We had a great summer camp this year at Waikawau Bay, on the east coast of the Coromandel Peninsula.
This was a new area for me and I was really unsure whether the beach was suitable for a bottom longline but the kids would never have forgiven me if I hadn't packed it.
During the first ten days of camping we had nothing but easterlies so we were confined to fishing off rocks and dropping a longline in close from the kayaks.
We had the usual January results though, caught a swag of fish and put them all back to grow to an edible size.
The first sniff of a westerly saw us off to the northern end of the beach to try our luck with the Kite Longline.
The wind was very light on the first set and the line stalled in the middle of paddle crab country.
There were plenty of those down there. My eyes lit up though to see a nice fat kahawai when we retrieved the line to re-set it.
No way was I allowed to use it for bait, as after ten days of trying the kids were gagging for a feed of fresh fish.
I found enough salted mullet to bait up and this time with the breeze freshening we got the line straight out to around 800 metres.
We waited for an hour and bingo, eight very edible snapper weighing between 1.0 to 1.5 kg.
This attracted the attention of a number of passer-bys one of whom gave the ultimate endorsement for Paul's Fishing Kites when he commented that his camping buddy had come down in a four wheel drive towing "a big boat" with a "big outboard" and al l"the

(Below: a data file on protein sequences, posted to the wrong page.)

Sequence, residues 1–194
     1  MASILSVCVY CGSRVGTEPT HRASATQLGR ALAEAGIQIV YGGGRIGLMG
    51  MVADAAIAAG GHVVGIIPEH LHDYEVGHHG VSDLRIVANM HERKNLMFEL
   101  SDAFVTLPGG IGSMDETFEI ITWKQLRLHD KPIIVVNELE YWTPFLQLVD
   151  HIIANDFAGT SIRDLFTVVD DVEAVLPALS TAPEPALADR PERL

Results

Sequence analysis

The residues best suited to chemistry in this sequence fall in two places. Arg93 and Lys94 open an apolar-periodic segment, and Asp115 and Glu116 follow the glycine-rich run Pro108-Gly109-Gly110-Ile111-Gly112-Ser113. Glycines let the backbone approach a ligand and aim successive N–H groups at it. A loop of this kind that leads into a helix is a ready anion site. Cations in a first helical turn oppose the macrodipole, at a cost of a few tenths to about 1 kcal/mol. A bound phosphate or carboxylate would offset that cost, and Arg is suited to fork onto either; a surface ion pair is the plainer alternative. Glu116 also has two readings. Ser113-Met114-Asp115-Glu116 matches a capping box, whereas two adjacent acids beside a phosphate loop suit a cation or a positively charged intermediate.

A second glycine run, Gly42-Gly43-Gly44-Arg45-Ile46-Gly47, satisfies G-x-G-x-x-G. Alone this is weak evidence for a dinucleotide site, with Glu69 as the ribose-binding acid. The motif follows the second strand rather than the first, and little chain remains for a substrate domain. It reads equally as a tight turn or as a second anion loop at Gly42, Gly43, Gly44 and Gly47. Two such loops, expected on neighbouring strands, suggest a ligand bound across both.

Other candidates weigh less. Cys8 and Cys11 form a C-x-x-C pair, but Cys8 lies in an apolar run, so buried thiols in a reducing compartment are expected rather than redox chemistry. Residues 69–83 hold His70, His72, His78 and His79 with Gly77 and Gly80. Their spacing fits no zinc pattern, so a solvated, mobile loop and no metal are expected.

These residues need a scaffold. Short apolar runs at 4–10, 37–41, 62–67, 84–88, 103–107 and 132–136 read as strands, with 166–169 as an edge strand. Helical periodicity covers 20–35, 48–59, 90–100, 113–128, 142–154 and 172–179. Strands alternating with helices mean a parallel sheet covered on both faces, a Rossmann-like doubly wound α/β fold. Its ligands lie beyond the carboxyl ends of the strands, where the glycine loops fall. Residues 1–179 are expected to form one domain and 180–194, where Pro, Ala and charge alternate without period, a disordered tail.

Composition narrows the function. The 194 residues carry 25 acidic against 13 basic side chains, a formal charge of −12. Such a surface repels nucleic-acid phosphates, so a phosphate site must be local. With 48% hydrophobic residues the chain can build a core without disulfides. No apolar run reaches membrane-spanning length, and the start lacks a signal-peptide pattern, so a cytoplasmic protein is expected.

extras, cost him about eighty grand" he said.
"You just caught more fish than he's caught in a fortnight."
Crying on the inside I put on a straight face and proclaimed that this was just an average day for us kitefishers, whats the big deal?
With the wisdom of hindsight and a great deal of snorkeling and kayaking it has become blatantly obvious to me that I absolutely fluked the only clear patch on the entire beach.
There is foul everywhere you care to look, including hidden reefs that rise 20 feet off the bottom like cliff faces.
I will tell you about the mussels some other time. A few days later a guy lost a complete dropper rig set around 300 metres from where I was fishing so I consider myself very fortunate to have gotten away with a feed and with my line intact.
For those of you with the right gear and the experience to use it over foul, this place would have to be NIRVANA at the right time of year.
I know I will be going back for more. I hope you find this info of some benefit to the site as I would be devastated if the newsletters were to stop.
Kite fishing has become a big part of our family life since Paul Barnes converted a second hand kontiki for us around 10 years ago when he was working from a house in West Auckland
Best regards and tight lines to all Gary Fallon